Apart from the focus on preparing for the federal election, the AEC conducted a total of 1 048 other elections and ballots in 2009–10. In meeting its statutory responsibilities, the AEC conducted 265 industrial elections and 661 protected action ballots. This represented a marked increase in the number of protected action ballots, almost three times as many as for the previous financial year. The AEC also responded to requests from the public and private sectors, conducting 122 elections and ballots on a fee-for-service basis. The divisional staff are involved in the delivery of these activities, providing them with invaluable experience between federal elections.
In 2009–10, the AEC received a budget allocation to fund work improving the electoral participation of Indigenous Australians, part of the government's broad agenda to 'close the gap' between Indigenous and other Australians. After consulting with Indigenous groups, the AEC appointed 19 electoral participation officers. These new staff undertook intensive training in electoral processes and are now working on the ground in urban, rural and remote Indigenous communities to provide electoral education and information and help with enrolment processes. Ahead of this, the AEC had begun pilot projects in several Indigenous communities – from remote areas in the Pilbara in Western Australia to urban areas of Victoria, Queensland and New South Wales – to engage community leaders and strengthen Indigenous participation in Australian democracy. These projects move away from external, one-size-fits-all approaches: instead they encourage self-sustaining forms of electoral participation within communities. While this year was a building year, the work undertaken so far has been positively received and lays a foundation for future years.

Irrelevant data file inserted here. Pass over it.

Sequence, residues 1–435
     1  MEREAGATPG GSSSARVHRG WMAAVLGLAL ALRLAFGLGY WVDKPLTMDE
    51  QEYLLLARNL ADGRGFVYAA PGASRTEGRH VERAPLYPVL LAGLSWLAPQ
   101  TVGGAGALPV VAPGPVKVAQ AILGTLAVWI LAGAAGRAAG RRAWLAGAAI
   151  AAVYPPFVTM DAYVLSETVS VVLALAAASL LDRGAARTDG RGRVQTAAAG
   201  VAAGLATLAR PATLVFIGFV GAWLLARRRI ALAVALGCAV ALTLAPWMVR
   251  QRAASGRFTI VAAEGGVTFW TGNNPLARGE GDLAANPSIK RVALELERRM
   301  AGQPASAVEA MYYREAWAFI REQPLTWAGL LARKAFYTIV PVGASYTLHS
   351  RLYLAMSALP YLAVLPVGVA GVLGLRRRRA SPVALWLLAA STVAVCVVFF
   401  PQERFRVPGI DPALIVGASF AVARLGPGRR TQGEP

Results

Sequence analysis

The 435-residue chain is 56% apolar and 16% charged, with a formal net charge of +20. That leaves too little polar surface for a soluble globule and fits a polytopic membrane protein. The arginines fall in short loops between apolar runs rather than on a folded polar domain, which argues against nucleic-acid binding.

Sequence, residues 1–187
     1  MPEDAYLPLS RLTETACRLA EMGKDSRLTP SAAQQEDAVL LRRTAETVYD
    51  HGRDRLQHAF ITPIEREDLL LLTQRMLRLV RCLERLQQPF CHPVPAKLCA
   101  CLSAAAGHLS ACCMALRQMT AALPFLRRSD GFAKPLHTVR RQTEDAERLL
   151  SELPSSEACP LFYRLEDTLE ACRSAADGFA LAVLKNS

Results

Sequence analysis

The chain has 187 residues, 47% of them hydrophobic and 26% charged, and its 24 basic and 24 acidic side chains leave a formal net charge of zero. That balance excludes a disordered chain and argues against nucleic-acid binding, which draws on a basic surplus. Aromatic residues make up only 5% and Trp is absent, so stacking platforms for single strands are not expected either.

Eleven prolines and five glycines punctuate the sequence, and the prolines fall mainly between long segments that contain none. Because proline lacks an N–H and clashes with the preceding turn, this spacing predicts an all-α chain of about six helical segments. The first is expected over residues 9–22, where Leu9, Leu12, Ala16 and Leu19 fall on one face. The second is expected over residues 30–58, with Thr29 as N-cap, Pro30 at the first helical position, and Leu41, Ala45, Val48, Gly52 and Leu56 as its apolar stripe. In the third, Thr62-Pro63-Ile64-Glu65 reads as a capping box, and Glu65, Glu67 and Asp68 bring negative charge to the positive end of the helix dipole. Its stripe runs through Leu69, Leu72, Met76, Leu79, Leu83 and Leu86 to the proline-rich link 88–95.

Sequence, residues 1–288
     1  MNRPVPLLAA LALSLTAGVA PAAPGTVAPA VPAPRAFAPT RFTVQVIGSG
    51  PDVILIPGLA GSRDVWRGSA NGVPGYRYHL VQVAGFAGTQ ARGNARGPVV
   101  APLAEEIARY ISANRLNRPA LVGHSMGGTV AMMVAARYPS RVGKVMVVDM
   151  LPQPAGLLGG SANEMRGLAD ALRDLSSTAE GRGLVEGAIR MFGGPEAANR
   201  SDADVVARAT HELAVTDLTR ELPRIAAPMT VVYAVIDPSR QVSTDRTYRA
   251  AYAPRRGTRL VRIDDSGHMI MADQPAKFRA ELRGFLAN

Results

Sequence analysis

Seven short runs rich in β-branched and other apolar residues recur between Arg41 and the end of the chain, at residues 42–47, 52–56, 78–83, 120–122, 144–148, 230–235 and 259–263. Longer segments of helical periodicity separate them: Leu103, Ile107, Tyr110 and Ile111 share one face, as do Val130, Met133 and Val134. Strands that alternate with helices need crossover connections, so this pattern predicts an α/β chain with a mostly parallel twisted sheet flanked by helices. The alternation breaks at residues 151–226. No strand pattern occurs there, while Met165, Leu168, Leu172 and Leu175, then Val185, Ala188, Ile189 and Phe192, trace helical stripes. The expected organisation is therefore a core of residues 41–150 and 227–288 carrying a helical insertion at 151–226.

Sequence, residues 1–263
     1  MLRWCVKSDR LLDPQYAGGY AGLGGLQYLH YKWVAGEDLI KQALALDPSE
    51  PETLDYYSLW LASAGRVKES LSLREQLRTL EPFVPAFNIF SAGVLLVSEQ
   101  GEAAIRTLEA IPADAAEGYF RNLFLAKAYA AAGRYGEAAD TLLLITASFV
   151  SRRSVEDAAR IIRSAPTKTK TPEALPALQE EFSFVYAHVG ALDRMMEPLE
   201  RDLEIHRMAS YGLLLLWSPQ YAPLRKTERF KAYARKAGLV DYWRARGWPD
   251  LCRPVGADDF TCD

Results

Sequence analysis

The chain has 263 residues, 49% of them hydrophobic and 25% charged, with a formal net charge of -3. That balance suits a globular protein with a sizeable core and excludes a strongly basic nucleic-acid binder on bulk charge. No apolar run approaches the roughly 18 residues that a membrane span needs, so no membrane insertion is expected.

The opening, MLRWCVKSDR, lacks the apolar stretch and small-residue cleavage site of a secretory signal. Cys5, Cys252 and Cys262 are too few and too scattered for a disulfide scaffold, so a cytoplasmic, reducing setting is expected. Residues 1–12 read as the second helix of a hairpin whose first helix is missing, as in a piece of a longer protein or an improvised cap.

Rebuilding electoral participation will require modernisation of the Commonwealth Electoral Act 1918 (the Electoral Act). Most provisions of the Electoral Act have been in place since 1918 – the world has changed enormously since then, and new communication technologies have had a profound impact on how people interact, communicate and participate in social processes. Young Australians in particular now expect that enrolling and voting should be simple processes that involve a range of options, including electronic tools.
Many of the states and territories are making efforts to modernise their electoral legislation, which now provides such tools as online electoral enrolment and electronic certified lists for use by polling officials. The ongoing cooperation between the AEC and the state and territory electoral commissions enables us to evaluate the success of their new systems, and this knowledge will prove invaluable for considering similar changes at the federal level. In 2009–10, we sought to strengthen our collaboration with the state and territory electoral commissions and to refine our views on improving electoral processes.
Federally, the prospects for electoral modernisation seemed positive in 2009–10. Most of the recommendations made by the Joint Standing Committee on Electoral Matters (JSCEM) in its report on the conduct of the 2007 federal election, tabled in June 2009, gained the support of government and opposition parties. The Australian Government was also in the process of considering issues and submissions raised by two green papers on electoral reform, released in 2008 and 2009. The government's second green paper, Strengthening Australia's Democracy, was launched in September 2009, providing opportunities for the community to engage in the debate about changes to Australia's democratic processes. We continued to work closely with the JSCEM and maintain productive relationships with all major political parties.